- Perrys Lookdown
- Point Pilcher
- Pulpit Rock Lookout
- Walls Lookout
- Victoria Falls Lookout
Media related to Blue Mountains, New South Wales at Wikimedia Commons
- "Grose River". Geographical Names Register (GNR) of NSW. Geographical Names Board of New South Wales. Retrieved 2 April 2013.
- Paton, Neil (2004). Sydney and Blue Mountains Bushwalks. Kangaroo Press. pp. 259–262.
- Borschmann, Gregg (11 December 2006). "The burning question". Sydney Morning Herald. Retrieved 12 December 2006.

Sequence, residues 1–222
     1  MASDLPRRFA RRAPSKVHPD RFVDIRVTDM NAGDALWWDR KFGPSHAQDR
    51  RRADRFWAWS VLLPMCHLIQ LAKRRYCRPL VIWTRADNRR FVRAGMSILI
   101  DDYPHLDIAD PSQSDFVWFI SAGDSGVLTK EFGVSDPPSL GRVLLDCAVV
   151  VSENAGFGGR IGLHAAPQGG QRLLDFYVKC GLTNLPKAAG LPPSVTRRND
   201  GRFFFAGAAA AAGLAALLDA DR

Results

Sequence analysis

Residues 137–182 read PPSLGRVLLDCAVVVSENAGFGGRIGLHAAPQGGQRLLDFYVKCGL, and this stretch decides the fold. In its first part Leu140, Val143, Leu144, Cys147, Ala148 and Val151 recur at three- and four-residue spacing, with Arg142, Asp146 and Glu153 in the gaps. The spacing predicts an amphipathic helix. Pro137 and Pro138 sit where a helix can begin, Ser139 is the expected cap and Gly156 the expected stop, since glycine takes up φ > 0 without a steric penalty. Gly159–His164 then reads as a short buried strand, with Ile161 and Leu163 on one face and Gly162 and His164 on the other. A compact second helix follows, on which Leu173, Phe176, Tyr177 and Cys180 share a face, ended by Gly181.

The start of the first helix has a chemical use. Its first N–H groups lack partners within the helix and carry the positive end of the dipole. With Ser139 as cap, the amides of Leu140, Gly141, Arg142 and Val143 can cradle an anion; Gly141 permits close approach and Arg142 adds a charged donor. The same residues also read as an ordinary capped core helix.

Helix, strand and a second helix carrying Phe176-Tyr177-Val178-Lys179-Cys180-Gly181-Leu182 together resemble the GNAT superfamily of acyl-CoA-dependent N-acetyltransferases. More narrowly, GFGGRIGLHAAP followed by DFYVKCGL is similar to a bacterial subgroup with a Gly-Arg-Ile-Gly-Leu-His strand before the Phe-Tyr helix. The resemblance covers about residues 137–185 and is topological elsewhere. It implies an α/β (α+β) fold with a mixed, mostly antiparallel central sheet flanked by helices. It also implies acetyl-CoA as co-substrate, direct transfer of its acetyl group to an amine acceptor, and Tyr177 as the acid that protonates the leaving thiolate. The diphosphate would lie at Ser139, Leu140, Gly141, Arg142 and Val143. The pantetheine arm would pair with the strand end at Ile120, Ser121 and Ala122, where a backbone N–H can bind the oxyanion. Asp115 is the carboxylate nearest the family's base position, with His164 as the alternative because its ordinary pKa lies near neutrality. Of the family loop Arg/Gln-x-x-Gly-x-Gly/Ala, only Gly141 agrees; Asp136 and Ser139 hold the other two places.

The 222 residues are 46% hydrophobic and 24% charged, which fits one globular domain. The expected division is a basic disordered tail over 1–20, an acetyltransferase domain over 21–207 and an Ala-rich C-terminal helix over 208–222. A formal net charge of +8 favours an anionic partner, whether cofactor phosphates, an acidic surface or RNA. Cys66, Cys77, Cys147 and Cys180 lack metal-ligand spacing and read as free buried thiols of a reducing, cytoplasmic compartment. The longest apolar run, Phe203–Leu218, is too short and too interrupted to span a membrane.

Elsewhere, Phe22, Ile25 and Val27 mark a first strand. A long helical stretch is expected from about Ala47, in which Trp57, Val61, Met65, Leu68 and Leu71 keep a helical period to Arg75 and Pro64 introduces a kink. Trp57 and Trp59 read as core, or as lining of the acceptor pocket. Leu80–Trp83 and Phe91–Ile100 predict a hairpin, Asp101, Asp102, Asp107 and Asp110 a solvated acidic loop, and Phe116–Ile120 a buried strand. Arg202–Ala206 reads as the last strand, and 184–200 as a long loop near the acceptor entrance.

- "Blue Mountains National Park: Culture & history". NSW National Parks & Wildlife Service. 2002. Retrieved 12 December 2006.
- Paton. Sydney and Blue Mountains Bushwalks. p. 264.
- Borschmann, Gregg (11 December 2006). "The ghosts of an enchanted forest demand answers". Sydney Morning Herald. Retrieved 12 December 2006.
- Macqueen, Andy (2007). "Chapter 27". Back from the Brink: Blue Gum Forest and the Grose Wilderness. selfpublished.
- Macqueen. "Part IV".
- Macqueen. "Parts I-II".
- Macqueen. "Parts III-IV".